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Community and Q&A

Return ducts in attic; Exposed ducts in conditioned space

onacurve | Posted in General Questions on

I’ve read a bunch of articles here and on BSC’s site concerning ducts in the attic. My 1948 ranch house has supply ducts in the crawlspace, return ducts in the attic. I’ve replaced the supply ducts and have insulated and encapsulated my crawlspace according to the best methods presented on this site.

I have a couple questions…

A. Return ducts in my attic.
My next my project is to deal with the return ducts in my attic. After reading BSC’s article, “Duct Dynasty” (BSI-074), covering the ducts with closed cell spray foam seems to be the second best method, next to relocating them in the conditioned space, which I don’t have the time or money for. A 600 board foot kit of closed cell spray foam is about $600 at the distributor here, but that is also out of my budget.

So I was looking for a cheaper alternative. From my crawlspace project, I have some leftover recycled polyiso that I bought on Craigslist for $5/sheet that is in pretty good shape. Montana Energy Services has a youtube video which shows them building a box around the ducts and using can foam to fill in the gaps — cut-n-cobble style. Is that a good approach for a low budget solution?

There’s two parts to the video. In part two, at 1:17, and 3:47, that they show what they are doing (1).

B. What’s wrong with exposed ducts?
The BSC article shows how to build soffit boxes for locating the ducts in the conditioned space. Why do all that? Aesthetics? If you google search “exposed ductwork” you get a lot of images that look appealing to me. There are quite a few that come up on the Houzz website and one on Pinterest (2). Do most people find them ugly to look at? I think they’re better looking than the soffit boxes and they accomplish the same thing. Maybe they’re too “industrial” looking. They appear to be much simpler than the plenum trusses of Mr Bailles recent article, but I’ve seen no mention of them on GBA, BSC, or on the Energy Vanguard blog.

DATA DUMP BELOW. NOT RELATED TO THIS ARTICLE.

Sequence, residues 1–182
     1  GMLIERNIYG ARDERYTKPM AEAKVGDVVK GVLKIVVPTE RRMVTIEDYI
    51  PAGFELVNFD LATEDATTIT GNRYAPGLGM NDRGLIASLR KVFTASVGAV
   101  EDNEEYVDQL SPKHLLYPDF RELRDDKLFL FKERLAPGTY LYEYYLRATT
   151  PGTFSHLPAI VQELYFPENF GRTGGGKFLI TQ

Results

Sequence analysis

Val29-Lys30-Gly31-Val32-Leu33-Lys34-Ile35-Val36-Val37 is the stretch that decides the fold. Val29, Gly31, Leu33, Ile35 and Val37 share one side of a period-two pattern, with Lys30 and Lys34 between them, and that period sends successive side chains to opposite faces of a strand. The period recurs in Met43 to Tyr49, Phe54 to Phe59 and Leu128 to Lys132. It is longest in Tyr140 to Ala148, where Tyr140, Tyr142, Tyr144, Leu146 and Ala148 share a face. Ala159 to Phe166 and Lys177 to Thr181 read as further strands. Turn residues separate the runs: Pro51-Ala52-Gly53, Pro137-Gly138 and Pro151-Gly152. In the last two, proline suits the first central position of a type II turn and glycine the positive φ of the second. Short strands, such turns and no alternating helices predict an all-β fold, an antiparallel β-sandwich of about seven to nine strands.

Wouldn’t boxing the ducts in the way Montana Energy Service suggests be essentially the same thing as locating them in the conditioned space with a plenum truss or some other method?

Thanks in advance for your response.


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  1. GBA Editor
    Martin Holladay | | #1

    If you want to install cut-and-cobble insulation on your attic ducts:
    1. First, seal the duct seams with mastic.
    2. Make sure that the rigid foam is secure. (I would use foil-faced polyiso, which is the easiest type of foam to tape, and tape it securely.)
    3. Come up with a plan for insulating the underside of the ducts.
    4. Be aware that some building codes require foam to be protected by a layer of 1/2-inch drywall. You may want to use Thermax insulation, which may not need drywall protection.

    Concerning exposed ducts: Allison Bailes illustrated a recent blog on the topic with a photo of exposed ductwork. Here is the link: How to Get Your Ducts Inside the Building Enclosure.

  2. onacurve | | #2

    Thanks for that, Martin.

    So you don't think what MES did in the youtube video was a good technique? Maybe you didn't have time to check it out.

    On your point 3 - I don't really see how leaving the space under the duct uninsulated is substantially different from the dropped soffit in the living space approach. You're just moving the insulation boundary. Of course you'd want to make sure the R-value above the duct box was equal to the rest of the attic floor. I was just trying to come up with the least cost method of achieving the same results.

    I remember that article Allison Bailes wrote, and checked it out again. The last photo was quite comical. There's a serious way to put an exposed duct in a residential living space, though I don't know why he didn't include one. That's why I included a link to the Pinterest page. I see exposed ducts in commercial spaces quite a bit, but not often in residential spaces. I was just wondering why. I guess because most people think they're ugly.